Girl Talk: Why Dating Is Like “Goldilocks & The Three Bears”

I’ve been trying on men lately like Goldilocks testing out chairs and porridge, vacillating between one extreme and the other — scalding hot and limply cold, too soft and too damn hard.

Sunday night’s premiere episode of HBO’s new comedy “Girls” drove home this idea of extremes when it comes to self-selecting men: the difficulty of finding one that is just right and why we continue to dwell on the very, very wrong ones.

Judging from my social media streams and a litany of text messages from friends, most of us watching “Girls” were struck by the dilemma of dating the asshole versus dating the nice guy and how neither is a viable option.

In the show Lena Dunham’s Hannah dates a masochistic deadbeat named Adam, who as she describes it, “treats her heart like monkey meat.” He never texts her back, he criticizes her body and he glowers at her with smug disdain throughout the pilot episode, even when she gamely rolls over and allows him to attempt some very awkward anal sex.

About six months ago I started seeing a sharp-mouthed, emotionally-damaged gentleman with his own serious commitment issues.

He didn’t return emails or calls or make plans with me.

The first time I went home with him he ignored me, put on his pajamas and climbed into bed, leaving me standing in his living room. “You can come in,” he called and patted the bed beside him.

“What do you like about me?” I asked him.

“You’re brunette and you have a vagina,” he replied.

When I asked what he expected to get out of our relationship, he told me to stop acting like a turkey. Then he shrugged.

“I don’t date girls longer than a fiscal quarter … and I don’t trust women. I’m easily bored.”

I was a little in love.

The meaner he was, the harder I fell. He once called me a retarded slut right after we had sex. On second thought, he might have still been inside me at the time. I was angry and disgusted. I stormed out of his house. I texted him some nasty expletive along with: “I should come up there and smack you.” He evenly replied: “You don’t have the code to get back in. Stop being a turkey.” It was the equivalent of Hannah’s boyfriend on “Girls” telling her: “Let’s play the quiet game.”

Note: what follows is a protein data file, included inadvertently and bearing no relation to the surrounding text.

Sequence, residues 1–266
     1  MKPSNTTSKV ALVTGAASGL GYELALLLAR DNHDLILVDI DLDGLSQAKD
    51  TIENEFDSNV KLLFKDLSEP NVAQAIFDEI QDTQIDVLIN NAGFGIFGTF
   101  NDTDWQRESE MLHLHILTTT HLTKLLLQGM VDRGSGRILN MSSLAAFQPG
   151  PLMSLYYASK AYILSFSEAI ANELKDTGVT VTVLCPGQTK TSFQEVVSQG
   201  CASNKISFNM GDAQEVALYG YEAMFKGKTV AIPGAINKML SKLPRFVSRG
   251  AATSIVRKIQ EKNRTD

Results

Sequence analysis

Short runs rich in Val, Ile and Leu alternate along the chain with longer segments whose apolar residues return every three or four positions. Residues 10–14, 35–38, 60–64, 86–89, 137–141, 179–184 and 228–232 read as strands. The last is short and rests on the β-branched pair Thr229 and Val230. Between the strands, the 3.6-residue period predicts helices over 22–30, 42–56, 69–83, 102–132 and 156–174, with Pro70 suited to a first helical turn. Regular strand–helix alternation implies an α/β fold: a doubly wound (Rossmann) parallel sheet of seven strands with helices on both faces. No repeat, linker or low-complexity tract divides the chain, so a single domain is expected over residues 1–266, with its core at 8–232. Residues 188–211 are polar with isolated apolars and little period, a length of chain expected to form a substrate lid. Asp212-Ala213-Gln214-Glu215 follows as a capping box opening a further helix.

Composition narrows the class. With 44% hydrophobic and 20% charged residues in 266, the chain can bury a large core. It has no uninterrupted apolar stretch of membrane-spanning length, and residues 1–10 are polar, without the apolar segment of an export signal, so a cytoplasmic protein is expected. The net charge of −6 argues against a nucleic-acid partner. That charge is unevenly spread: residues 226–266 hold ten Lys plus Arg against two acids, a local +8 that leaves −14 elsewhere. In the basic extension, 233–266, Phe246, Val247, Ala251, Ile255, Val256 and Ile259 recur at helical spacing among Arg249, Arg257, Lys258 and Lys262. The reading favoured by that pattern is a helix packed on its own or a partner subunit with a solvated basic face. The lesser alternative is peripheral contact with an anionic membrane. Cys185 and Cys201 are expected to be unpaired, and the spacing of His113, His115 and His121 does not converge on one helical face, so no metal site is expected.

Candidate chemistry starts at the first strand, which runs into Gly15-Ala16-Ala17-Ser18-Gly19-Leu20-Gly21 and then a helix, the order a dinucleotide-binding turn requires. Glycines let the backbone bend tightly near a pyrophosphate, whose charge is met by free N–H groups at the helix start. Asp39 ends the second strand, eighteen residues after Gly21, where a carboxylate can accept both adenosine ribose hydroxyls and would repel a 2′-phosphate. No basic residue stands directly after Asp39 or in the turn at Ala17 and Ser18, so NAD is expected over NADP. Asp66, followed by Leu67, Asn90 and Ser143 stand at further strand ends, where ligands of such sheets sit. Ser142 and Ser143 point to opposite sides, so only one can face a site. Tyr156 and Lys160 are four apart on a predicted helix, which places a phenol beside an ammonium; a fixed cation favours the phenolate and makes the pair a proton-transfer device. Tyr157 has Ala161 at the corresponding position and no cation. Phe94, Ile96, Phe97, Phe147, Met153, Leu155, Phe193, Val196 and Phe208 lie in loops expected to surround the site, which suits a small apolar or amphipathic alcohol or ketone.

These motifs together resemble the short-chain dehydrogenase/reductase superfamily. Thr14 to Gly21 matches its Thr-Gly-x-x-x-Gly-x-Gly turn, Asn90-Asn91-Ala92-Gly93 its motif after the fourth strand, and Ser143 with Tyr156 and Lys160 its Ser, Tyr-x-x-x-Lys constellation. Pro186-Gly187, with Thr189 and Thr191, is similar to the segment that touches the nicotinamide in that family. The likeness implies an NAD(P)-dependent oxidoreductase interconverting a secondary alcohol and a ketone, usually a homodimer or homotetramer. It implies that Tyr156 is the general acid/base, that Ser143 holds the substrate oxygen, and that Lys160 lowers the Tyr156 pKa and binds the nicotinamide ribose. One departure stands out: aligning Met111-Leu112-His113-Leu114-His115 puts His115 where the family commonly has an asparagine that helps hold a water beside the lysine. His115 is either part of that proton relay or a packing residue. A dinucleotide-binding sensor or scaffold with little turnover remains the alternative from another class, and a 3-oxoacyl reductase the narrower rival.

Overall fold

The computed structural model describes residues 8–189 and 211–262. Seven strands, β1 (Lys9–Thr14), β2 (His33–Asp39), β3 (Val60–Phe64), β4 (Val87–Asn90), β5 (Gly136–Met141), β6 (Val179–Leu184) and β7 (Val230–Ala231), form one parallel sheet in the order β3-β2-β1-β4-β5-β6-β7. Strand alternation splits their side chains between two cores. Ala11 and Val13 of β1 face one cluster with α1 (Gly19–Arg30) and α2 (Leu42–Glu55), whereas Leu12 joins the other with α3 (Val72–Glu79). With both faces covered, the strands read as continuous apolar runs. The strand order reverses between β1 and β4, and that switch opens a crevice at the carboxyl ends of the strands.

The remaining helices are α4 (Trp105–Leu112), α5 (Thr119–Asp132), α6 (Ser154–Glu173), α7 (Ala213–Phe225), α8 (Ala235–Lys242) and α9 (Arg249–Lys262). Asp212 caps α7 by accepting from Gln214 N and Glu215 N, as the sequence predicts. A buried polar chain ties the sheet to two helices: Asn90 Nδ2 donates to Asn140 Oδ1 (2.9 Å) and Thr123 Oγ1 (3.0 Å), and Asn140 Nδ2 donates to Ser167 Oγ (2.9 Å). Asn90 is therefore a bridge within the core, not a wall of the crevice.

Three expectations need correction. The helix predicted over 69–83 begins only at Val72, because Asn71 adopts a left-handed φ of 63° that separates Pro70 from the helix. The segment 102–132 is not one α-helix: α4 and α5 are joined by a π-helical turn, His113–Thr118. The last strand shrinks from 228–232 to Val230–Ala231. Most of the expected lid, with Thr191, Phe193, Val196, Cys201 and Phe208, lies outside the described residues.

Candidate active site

I was mad for maybe a few days and then I politely asked (begged) for more.

Around this time I was interviewing Dr. Helen Fisher, the chief scientific advisor for and one of the leading experts on how and why our brains respond when we think we are attracted to someone or in love with him. “Why am I addicted to this horrible human being?” I moaned to Dr. Fisher.

“When a person feels rejected, brain regions linked with craving, addiction and obsession become active,” she told me. “You can’t stop thinking about the person. You become obsessed. Someone is camping in your head and you can’t get them out. Anytime there is a real barrier in the relationship and you are not sure if you can win the relationship, it heightens the craving. The less you think you can win the person, the hotter the craving.”

I lost every time. It was hot.

For the exact length of a fiscal quarter, he built barriers, I tried to tear them down and my cravings reached a fever pitch. At the close of four months, as promised, he informed me that we should no longer date over the post-modern Post-It note: GChat.

“It’s not like I owe you anything,” he typed, not even having the courtesy to include a sad face emoticon.

Next up, I believed I wanted someone to be nice to me.

I met him at a wedding. He was a friend of a friend. He was tall and funny and completely stable and even-keeled.

It was a full-frontal assault of niceness. He would meet me anywhere that was convenient for me. He texted. He emailed. He told me I was smart and pretty and that he thought every little thing that I did was awesome. He wanted to meet my friends. He wanted to meet my dog. He wanted to meet me anytime and anywhere even on the interstitial moments I had in between business trips that included an hour at a train station bar.

On our first date he told me about his divorce, but how he really did believe in fairytale romance.

He kissed me on the street outside of the bar that night. “I don’t want to play games. I really like you,” he said.

I hated him. Like another character in “Girls,” Allison Williams’ Marnie, who can’t stand her too-adoring, too perfect-seeming boyfriend, I was disgusted by his niceness.

Similarly, there wasn’t an ounce of my loins that could quiver for this man. I even tried the age-old libido lubricant beer goggles in an attempt to spark some physical passion.

Five shots of Jameson later I couldn’t even fathom a cuddle. He made my skin crawl. “His touch feels like a weird uncle at Thanksgiving,” is how Marnie described it on the show.

I had flash forwards of me as fat Betty Draper Francis on “Mad Men.” I would eat Bugles and become enormous if I stayed with someone who was so bloody accommodating all the time.

But I would likely pull out my hair and become a madwoman if I kept pursuing men like suitor number one, he of the retarded slut and turkey name-calling.

There has to be some kind of middle ground between these extremes.

There has to be one that is just right.